By Dikembe Disembe
Introspection, Did we Botch our outrage on Kalonzo’s tribal gaffe?
Soon after the 2013 general elections, one of the faces, and commissions, which folded up was that of Mzalendo Kibunjia and the National Cohesion and Integration Commission.
Prior to the election, Kibunjia rode roughshod over politicians’ utterances; becoming synonymous more with the commission’s abstract – hate-speech – than with either cohesion or integration.
At some point, politicians, especially from the opposition CORD, protested. Kibunjia’s commission, to the opposition, was part of a well-orchestrated ‘say no evil’ government bullies which confined opposition outbursts on various issues to what was politically harmless, voteless and useless.
In campaign politics of 2013, the opposition couldn’t talk about land. They were told, ‘look here, a land commission has been formed that will deal with what you are saying’.
In deed, the National Land Commission bought into the frenzy, and, at a media appearance, warned politicians of ‘using land injustices’ as campaign talking points. The commission, now a toothless dog, claimed it was the sole custodian of all lands, and all injustices on lands.
During one of the presidential debates; candidate Uhuru, faced by the land question, was emphatic – let’s allow the commissions we’ve formed and empowered to do their work.
Land, a hot campaign topic, a rallying call, lost its potency in 2013.
Kibunjia’s commission and the Land commission are just two examples. There were the police, with IG Kimaiyo also warning about ‘tensions’; the media and their peace gospel, religious organizations and many others.
These bodies moralised politics. Using a powerful media backing, they framed the 2013 campaigns in terms our of reach for the opposition. They set the range of acceptable debate on each topic. Past their range, the opposition was either blacked out, or openly scorned, chastised, even.
The Jubilee Alliance, however, continued with their onslaught. They used ICC, they used the MAU conservation (turned it upside down and called it ‘evictions’), they used pent-up historical grievances, they instilled the fear of another violence.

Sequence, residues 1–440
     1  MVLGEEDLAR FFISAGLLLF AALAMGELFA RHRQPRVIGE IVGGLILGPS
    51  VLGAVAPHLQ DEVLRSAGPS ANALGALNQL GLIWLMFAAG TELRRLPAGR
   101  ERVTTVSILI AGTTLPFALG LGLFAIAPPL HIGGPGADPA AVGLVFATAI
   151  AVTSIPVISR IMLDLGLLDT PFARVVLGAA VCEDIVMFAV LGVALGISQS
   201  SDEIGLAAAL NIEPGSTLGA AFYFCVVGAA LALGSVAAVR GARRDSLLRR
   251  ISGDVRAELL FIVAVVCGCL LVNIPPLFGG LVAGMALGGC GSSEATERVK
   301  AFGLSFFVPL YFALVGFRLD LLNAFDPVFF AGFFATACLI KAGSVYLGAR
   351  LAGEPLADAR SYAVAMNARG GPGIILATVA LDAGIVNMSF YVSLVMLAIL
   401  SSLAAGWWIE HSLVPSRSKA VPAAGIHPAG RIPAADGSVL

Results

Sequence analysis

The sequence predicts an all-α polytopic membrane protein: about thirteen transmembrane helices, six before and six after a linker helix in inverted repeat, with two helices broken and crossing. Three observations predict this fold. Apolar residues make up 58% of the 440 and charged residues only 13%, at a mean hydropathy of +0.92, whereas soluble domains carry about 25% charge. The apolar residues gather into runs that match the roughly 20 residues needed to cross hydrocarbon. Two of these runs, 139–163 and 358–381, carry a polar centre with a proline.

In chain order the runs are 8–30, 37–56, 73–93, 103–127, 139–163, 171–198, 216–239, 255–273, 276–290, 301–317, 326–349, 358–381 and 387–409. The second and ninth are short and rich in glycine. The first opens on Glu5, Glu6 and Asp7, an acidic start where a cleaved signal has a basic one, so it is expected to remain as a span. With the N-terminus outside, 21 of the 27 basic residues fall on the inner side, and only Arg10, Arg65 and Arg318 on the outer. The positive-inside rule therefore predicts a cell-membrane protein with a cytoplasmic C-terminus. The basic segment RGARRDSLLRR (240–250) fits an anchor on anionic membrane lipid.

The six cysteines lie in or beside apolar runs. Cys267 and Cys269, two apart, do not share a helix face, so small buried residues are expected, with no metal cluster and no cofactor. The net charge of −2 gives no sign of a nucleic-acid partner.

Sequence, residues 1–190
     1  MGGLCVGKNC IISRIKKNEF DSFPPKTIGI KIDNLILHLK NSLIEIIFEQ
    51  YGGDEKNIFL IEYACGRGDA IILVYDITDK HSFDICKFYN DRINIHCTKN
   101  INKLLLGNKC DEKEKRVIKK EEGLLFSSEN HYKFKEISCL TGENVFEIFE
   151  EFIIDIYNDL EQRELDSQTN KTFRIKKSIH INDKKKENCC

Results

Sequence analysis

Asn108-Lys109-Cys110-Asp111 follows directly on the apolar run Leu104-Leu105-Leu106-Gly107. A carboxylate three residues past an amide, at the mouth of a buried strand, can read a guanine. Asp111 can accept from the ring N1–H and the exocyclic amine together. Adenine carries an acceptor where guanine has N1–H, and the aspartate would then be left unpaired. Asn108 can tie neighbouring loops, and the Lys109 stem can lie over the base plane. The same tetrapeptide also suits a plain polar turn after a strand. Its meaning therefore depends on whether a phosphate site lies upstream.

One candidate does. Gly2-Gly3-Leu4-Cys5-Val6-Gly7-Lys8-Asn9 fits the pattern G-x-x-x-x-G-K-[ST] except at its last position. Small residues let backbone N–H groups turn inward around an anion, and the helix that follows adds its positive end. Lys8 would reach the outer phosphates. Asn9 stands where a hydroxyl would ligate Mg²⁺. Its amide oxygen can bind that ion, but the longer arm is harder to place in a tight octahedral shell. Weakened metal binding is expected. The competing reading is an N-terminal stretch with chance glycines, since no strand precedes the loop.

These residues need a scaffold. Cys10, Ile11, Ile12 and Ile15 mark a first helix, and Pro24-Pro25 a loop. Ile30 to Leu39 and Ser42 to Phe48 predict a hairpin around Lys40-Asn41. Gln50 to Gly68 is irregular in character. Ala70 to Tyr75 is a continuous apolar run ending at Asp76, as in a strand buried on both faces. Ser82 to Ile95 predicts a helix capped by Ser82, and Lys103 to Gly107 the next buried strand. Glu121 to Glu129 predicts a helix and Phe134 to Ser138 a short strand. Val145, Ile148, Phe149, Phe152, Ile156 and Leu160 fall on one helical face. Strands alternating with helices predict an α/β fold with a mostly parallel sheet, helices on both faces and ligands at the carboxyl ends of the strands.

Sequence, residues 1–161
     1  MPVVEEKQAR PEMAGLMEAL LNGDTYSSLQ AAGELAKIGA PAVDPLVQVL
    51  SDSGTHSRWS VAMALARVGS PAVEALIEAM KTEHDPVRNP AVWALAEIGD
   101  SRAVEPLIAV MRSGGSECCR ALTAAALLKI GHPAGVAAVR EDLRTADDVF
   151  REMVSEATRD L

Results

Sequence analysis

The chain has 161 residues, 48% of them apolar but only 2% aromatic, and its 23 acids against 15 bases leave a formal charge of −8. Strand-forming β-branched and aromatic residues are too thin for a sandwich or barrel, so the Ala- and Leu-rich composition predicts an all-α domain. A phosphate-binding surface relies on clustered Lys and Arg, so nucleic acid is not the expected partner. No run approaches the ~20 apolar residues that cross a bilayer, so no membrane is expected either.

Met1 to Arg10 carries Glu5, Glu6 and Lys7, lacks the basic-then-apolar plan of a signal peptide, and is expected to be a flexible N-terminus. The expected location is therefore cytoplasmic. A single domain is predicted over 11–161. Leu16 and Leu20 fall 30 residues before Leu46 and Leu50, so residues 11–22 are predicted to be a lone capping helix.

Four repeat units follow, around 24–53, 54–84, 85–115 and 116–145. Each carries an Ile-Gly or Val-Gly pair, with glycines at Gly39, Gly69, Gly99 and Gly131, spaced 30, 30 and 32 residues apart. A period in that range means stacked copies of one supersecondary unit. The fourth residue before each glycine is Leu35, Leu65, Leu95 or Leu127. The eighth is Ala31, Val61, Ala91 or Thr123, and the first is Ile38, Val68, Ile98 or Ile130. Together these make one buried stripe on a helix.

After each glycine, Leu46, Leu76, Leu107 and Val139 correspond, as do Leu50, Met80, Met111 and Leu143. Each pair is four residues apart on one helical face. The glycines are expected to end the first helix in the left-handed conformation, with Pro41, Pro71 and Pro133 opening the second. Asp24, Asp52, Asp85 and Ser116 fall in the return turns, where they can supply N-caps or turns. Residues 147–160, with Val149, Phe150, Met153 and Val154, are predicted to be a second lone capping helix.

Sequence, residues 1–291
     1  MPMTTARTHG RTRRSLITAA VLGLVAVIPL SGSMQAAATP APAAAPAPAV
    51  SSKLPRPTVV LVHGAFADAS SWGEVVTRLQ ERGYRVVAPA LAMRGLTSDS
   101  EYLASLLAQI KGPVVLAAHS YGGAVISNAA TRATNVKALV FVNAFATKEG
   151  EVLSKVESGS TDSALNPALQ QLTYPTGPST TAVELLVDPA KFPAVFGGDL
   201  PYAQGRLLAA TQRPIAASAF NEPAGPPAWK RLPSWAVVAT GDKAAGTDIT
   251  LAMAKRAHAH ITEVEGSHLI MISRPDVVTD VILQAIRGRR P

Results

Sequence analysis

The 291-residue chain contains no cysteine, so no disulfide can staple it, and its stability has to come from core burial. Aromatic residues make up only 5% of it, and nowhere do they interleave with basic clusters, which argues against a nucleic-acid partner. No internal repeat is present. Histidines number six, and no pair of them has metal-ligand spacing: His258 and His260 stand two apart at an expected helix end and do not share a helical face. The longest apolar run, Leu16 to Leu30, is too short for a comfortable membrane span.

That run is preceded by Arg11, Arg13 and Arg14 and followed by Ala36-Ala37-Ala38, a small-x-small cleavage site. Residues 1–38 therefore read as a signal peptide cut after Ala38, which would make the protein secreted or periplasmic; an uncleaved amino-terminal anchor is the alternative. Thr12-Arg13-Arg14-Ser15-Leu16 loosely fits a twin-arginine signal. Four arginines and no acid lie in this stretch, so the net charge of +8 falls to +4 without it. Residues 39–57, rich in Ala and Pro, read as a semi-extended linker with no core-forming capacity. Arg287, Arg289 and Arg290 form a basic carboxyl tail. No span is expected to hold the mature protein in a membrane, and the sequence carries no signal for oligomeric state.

They didn’t have to talk about the things the opposition wanted to be talked about. Things like inclusion. Things like what ‘shared prosperity’ should mean. Things like the country’s would-be standing in the international comity of nations. They were already shielded from being taken to task on the land question.
The tribal card they used, and christened as ‘tyranny of numbers’, was already ordained. I remember as a student in Eldoret, the respected catholic clergy, Bishop Cornelius Korir, had given the ‘union’ of Uhuru and Ruto a clean bill of religious health – ‘it will bring peace’ – he said.
With this recent historical prism, the opposition emerged from the 2013 elections nursing wounds not just of a rigged election but also an ‘un-levelled pre-election ranting field’.
Yet, be all these as they may, the opposition, taunted by all and sundry to ‘accept and move on’ appeared to have moved on faster than its rivals – the jubilee alliance, the media, etc.
At every opportune moment, we’ve seen the Jubilee Alliance struggle to maintain the pre-2013 arrangement. It still wants their masses to view top opposition leaders with the same ludicrous old frames they created of an opposition so vindictive that it took them to the Hague, it is being used by the ‘west’ and it is synonymous with vicious violence.
But it is the jubilee alliance’s attempt to do one more thing that the opposition must scrupulously reject: set the range of ‘acceptable debate’. From ethnicity, foreign policy, security, (un)employment, ICC, diplomatic pettiness, devolution, legislation to any other topical issue, the opposition must reject the continuing temptation to have the so called ‘acceptable debate range’ set, framed and disseminated from this unholy jubo-media
nuptial of commercial convenience.
It is in this backdrop that I ask, did we botch our outrage of former vice president Kalonzo Musyoka’s nuanced response to a jubilee journalist? Instead of putting Kalonzo’s ‘your name betrays you, absolutely’ response into a wider context of what it means to have a 2-tribe government strangling a country of 40 other tribes (whites and asians included?), the ‘acceptable debate’, around a hashtag and 140 twitter characters, ranged at telling off Kalonzo and supporting Muriithi; or telling off Muriithi and supporting Kalonzo.
Lost in this faÃ§ade, this feckless idiocy, this unwarranted hypocrisy of (hashtag) ‘someone tell Kalonzo’ is a 40 verses 2 (successor of 40 verse 1) debate that the country must have, or suffer again for not having, whichever will come first. Drums are beating. Time is running out.
Dikembe Disembe blogs on politics and ethnicity.